JavaFX graphics performance and suitability for advanced animations
John_Smith at symantec.com
Tue May 28 19:31:28 PDT 2013
No need to reply to this email (or this thread could rapidly get very long ;-)
The email is just a summary of some thoughts I had on performance.
Perhaps more wiki material than anything else.
> The biggest thing when doing performance work is identifying the benchmarks. Once we know what we're measuring, it *will* get faster.
This is one of the most difficult things I found about trying to code performance sensitive stuff for JavaFX. It's the not knowing part of it.
JavaFX features high level features such as effects, css and animation and it's hard to know where performance bottlenecks will be without trial and error.
For instance, you can draw hundreds of thousands of lines really quick, but if you try to draw a path with more than 10000 elements, things start rendering slow - so you can speed your rendering up by using lines rather than paths, but unless you know that or try it, you might get stuck.
Or another instance is selecting the wrong pixel format for a WritableImage can kill the performance of trying to animate a video by twiddling the image's pixels because the frame-rate drops an order of magnitude without the right pixel format.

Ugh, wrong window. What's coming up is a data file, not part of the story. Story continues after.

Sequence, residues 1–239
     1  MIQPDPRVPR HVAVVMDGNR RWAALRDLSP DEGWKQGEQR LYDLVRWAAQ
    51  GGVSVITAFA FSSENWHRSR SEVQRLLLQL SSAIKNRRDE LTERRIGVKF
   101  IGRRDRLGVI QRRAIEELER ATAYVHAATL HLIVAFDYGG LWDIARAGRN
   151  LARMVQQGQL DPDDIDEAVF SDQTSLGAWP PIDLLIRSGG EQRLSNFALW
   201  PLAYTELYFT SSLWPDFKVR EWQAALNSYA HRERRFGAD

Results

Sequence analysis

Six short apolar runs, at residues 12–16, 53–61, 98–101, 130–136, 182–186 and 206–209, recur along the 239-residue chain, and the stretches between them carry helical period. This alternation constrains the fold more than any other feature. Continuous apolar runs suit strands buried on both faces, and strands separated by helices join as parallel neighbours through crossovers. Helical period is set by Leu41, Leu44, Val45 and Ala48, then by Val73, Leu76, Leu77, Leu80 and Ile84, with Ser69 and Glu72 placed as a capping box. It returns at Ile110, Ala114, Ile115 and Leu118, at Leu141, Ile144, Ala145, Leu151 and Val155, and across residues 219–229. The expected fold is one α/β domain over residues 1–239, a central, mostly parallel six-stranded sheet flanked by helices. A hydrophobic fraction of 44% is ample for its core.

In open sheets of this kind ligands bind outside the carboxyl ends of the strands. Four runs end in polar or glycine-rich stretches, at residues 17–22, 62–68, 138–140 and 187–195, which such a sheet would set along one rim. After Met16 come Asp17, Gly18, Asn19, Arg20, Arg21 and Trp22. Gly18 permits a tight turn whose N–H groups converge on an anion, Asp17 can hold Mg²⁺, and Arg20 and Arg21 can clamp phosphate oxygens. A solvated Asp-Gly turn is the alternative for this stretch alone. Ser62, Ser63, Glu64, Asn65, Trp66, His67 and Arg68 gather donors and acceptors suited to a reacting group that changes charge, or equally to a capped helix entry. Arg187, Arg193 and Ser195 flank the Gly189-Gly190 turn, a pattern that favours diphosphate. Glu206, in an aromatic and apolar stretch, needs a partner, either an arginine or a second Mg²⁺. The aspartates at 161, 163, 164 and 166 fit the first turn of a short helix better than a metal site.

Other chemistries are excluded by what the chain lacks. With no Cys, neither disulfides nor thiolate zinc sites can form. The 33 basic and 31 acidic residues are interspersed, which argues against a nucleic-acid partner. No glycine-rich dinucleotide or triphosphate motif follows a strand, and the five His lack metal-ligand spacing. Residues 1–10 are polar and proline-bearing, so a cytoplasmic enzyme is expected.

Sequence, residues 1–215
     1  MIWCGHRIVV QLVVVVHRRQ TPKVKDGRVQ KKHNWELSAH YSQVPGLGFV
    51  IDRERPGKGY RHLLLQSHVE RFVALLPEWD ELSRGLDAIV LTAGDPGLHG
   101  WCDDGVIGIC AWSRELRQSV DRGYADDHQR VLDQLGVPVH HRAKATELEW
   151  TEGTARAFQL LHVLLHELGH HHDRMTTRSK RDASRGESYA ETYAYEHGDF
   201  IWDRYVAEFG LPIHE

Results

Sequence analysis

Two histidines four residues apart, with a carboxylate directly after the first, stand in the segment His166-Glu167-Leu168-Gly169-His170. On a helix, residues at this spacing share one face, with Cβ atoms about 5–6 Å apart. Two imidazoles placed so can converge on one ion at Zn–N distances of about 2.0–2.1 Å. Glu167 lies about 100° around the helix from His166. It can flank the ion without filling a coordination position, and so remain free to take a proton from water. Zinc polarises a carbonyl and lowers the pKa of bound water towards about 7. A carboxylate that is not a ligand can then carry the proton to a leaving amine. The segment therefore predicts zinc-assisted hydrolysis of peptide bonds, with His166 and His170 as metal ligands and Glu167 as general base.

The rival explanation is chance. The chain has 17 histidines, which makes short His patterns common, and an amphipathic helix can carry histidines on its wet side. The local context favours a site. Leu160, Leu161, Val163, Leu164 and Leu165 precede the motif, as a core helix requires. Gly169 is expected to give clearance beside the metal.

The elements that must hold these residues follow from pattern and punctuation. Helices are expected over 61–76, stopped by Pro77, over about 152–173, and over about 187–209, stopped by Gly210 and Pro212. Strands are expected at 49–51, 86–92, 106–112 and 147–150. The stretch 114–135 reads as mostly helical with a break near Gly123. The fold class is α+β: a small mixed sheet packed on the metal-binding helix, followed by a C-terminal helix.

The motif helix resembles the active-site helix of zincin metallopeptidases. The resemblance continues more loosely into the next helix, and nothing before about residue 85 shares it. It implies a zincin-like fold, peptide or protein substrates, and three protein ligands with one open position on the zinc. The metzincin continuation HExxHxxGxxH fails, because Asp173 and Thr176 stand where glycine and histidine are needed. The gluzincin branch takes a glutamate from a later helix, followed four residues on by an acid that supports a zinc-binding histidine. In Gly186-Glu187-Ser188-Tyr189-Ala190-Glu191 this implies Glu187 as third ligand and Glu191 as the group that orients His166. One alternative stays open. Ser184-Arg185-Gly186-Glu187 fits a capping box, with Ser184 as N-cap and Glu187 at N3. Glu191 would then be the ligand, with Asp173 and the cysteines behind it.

I also find it hard to know the impact of something like effects or CSS on the GPU or battery life, because it is pretty difficult for me to objectively measure those kind of things.
Should I set up lots of parallel animations, or am I better off having a central pulse style system which does everything on a tick? Without knowing how animations are implemented, e.g. if they use their own thread or if they incur a bunch of other overheads, it's hard to make an objective decision about that.
The type of effects used make a large performance difference. For example, boxblur is a whole lot quicker than a gaussianblur - as it's supposed to be I guess from reading the wiki pages on what the algorithms incur.
Buffering of canvas commands, and a subsequent pause while initially rendering a canvas with lots of commands can introduce pauses to the application that most api users aren't going to know about until it starts occurring.
I am sure there are many more similar performance impacting tradeoffs which could have been listed here that I don't really know about or understand (such as whether I should rely on dirty region heuristics or node cache hints to optimize rendering performance or should I just snapshot the nodes myself and use the snapshot rather than relying on a platform optimization).
I think a lot of the above is just the nature of JavaFX and goes with the territory - it's a relatively high level library which abstracts you from some of the low level implementation details so that the true cost of some of your api usage choices are hidden from you.
> Did we try turning cache to true and cache hint to SPEED?
A simple game I wrote used some basic animation of about 50 nodes with effects applied to them (translucent, blur, sectioned viewports into a large Image) and without caching ran painfully slowly. Setting caching to true and using cache hints (just on the animated nodes) made a massive performance difference (on a macbook air), it was the difference between a game which was playable and a game which was not (i.e. framerate did not drop to single digits and the air's fan didn't spin up).